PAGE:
Rosaria Butterfield rocked the Evangelical world when she shared her self-proclaimed “train wreck conversion.” “As a leftist lesbian professor, I despised Christians,” she said. “Then I somehow became one.”
Butterfield recently spoke at Southeastern Baptist Theological Seminary about her book, Openness Unhindered: Further Thoughts of an Unlikely Convert. In her talk, she discusses where the term “sexual orientation” came from — and whether we should use that language. Here are the highlights:
Should we use the term ‘sexual orientation’?
“I think [sexual orientation] is a dehumanizing term. Whether you identify as heterosexual or homosexual or the plethora of alphabet soup that lies in between, it is a dehumanizing term.”
Who first defined humans by their sexuality, and what were its effects?
“By defining humanity according to its sexual desires and segregating it according to its gendered object, Freud was, intentionally or not, suppressing the biblical idea and biblical category of being made male or female and in God’s image, and replacing it with the psychoanalytic category of sexual identity.
“In both in tense and language use, Freud took aim at the Bible’s authority to diagnose gender and sexuality dysfunctions and prescribe solutions for them. I do not believe this was an innocent move. Throughout his career, Freud maintained that belief in the God of the Bible was ‘universal, obsessional neurosis.’ The category of sexual orientation carries with it a cosmology of personhood that undervalues image bearers of a holy God.”
How did Romanticism play a role in the development of ‘sexual orientation’?
“Our problems didn’t start with the sexual revolution in the 1960s. We’re talking 18th century here…. Romanticism [declared] personal feelings and personal experiences the most reliable measure and means of discerning truth. Doesn’t that sound a little bit like today?”
What impact did the 19th century have?
“Indeed, while the Christian maintains that image-bearing is what sets apart humans and animals, the 19th century ushered in a new measure of man, one for whom sexuality and sexual pleasure became a defining marker. Thus, the category of sexual orientation is what we in theology call a ‘neologism,’ and it creates fictional identities that rob them of the true one — male and female image bearers.”
On distinguishing between non-sexual affection and sexual action.
“Biblically speaking, sexuality is always teleological. That is, sexual desire implies a desired object, and sexual practice implies a necessary outcome. Because the APA’s definition of sexual orientation includes non-sexual affection, this re-maps personhood in a way that God does not…”
“Put another way, biblically speaking, there is nothing sinful — and nothing ‘gay’ — about nonsexual same-sex deep and abiding friendship. Desiring to bring someone a glass of punch or sacrificially helping a friend who needs you is an expression of our image-bearing of a holy God, not a persistent pattern of sexual desire or temptation.”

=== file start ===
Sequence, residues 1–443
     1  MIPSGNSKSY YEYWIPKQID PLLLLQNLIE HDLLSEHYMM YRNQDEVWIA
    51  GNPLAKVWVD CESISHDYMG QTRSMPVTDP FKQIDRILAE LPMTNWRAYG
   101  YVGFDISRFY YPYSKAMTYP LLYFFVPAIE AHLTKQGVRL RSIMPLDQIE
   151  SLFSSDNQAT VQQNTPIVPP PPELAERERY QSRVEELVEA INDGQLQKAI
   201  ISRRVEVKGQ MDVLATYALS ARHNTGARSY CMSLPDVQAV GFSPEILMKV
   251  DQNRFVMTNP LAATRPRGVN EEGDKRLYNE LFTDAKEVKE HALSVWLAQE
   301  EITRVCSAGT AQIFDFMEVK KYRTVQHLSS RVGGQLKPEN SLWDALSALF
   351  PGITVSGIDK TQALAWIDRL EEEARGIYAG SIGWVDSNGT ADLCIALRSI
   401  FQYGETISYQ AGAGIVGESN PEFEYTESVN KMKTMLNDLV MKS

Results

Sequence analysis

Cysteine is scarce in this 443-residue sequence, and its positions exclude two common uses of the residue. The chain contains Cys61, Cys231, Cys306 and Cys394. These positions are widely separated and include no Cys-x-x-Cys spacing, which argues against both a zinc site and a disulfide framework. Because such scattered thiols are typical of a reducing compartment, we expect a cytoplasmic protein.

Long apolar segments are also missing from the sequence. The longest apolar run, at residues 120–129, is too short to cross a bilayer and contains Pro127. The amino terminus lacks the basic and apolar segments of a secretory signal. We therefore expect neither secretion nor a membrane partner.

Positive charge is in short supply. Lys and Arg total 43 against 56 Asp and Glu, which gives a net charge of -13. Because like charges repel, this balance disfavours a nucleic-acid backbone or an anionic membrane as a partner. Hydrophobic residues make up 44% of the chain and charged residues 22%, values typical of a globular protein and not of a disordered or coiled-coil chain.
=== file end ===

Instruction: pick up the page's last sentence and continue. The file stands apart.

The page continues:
Who is impacted by ‘sexual orientation’?
“Everyone loses when we define ourselves using categories that God does not. People who identify as heterosexual and homosexual have much to lose by defining themselves according to the category of sexual orientation.”
When ‘sexuality’ moved from a verb to a noun, what was the result?
“With secular society rendering classical religious beliefs publicly illegitimate, pseudoscience stepped in and replaced religion as the moral foundation for venereal norms. Sexuality moved from a verb (practice) to a noun (people), and with this grammatical move a new concept of humanity was born.”
How quickly was ‘sexual orientation’ adopted?
“Indeed, sexual orientation went from a categorical invention to heralded, immortal truth in 100 years. Let’s think about that. Freud wasn’t exactly ancient; he was pretty modern…. It is now a term embraced uncritically be believers and unbelievers alike.”
Does reparative therapy cure homosexuality?
“Homosexuality is a sin to be mortified, not a behavior to be modified.”
Natural revelation portrays God’s diagnosis, but only in the gospel did I find the cure.Click to tweet
What are two ways we can fail in addressing homosexuality?
“Heterosexual blindness makes a Christian ignorant to the very sins that may destroy him. Homosexual approval makes a person unable to enter into a gay neighbor’s life in a way that God may use to spare him from God’s wrath. Both take Christian witness out of the game.”
Why must we emphasize the gospel?
“Natural revelation exposed my sin, but God understood that there is a difference between the diagnosis and the cure. Natural revelation portrays God’s diagnosis, but only in the gospel did I find the cure.”